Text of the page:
Man of Constant Sorrow

Tuesday, November 10, 2009

Ralph Stanley looks back on his long career as the patriarch of old-time mountain music. In Man of Constant Sorrow, he tells the story of how music now popular around the world was created by two brothers from a dying southern mountain culture.


Ralph Stanley
News, weather, Radiolab, Brian Lehrer and more.
Get the best of WNYC in your inbox, every morning.

Comments [9]

Sara from Springfield, NJ

love this music no matter what it is called? What are the names of available recordings?

Nov. 10 2009 12:25 PM
db from nyc

Oh, MAN! Beautiful voice!

Nov. 10 2009 12:20 PM
db from nyc

When are you playing NYC?

We need more!!!

Nov. 10 2009 12:19 PM
Janny from jersey city

I am not remotely religious...but this music makes me believe in a higher power!!!

Nov. 10 2009 12:18 PM
db from nyc

... any comments on E.C. and Orna Ball?

Nov. 10 2009 12:18 PM
Tobi Jo LeBron

I would like to thank Ralph Stanley for a lifetime of phenomenal music that has inspired all of my favorite musicians. Thank you a million times!

And your fans would love to hear more of you in New York City.

Nov. 10 2009 12:16 PM
Suki from Williamsburg

Clawhammer = old-time; Scruggs style = bluegrass. Though some say the fiddle is the difference between bluegrass and old-time?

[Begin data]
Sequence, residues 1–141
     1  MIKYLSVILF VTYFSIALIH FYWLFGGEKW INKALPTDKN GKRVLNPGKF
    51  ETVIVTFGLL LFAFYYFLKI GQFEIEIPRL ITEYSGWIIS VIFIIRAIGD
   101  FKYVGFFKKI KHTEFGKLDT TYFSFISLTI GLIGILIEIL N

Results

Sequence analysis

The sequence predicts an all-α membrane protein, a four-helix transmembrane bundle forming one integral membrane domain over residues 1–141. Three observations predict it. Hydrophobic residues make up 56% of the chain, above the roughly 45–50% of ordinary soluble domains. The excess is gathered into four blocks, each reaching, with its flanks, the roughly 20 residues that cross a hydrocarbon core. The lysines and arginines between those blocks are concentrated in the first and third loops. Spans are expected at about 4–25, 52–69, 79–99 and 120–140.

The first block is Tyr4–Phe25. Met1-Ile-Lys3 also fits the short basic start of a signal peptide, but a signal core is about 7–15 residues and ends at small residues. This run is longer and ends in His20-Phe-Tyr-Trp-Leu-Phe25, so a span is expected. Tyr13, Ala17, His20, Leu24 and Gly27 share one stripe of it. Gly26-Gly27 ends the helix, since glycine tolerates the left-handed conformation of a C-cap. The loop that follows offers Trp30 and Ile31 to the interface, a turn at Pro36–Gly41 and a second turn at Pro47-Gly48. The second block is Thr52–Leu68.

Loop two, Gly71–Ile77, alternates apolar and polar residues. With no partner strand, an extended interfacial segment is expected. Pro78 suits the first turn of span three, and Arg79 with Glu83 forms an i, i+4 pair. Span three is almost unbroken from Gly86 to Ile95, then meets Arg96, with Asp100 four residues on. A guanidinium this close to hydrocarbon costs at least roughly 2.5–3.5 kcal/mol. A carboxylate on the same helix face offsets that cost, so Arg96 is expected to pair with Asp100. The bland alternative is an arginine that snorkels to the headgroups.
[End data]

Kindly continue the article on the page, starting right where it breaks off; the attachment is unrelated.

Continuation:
Nov. 10 2009 12:16 PM
db from nyc

Bravo, Ralph Stanley!!!

A gentleman and a genius musician!!!

Thank you for your fantastic music - keep up the great work!

Nov. 10 2009 12:16 PM
Suki from Williamsburg

I love Ralph Stanley!

But Leonard, bluegrass and old-time are different genres of American folk.

Nov. 10 2009 12:10 PM

Leave a Comment

Register for your own account so you can vote on comments, save your favorites, and more. Learn more.
Please stay on topic, be civil, and be brief.
Email addresses are never displayed, but they are required to confirm your comments. Names are displayed with all comments. We reserve the right to edit any comments posted on this site. Please read the Comment Guidelines before posting. By leaving a comment, you agree to New York Public Radio's Privacy Policy and Terms Of Use.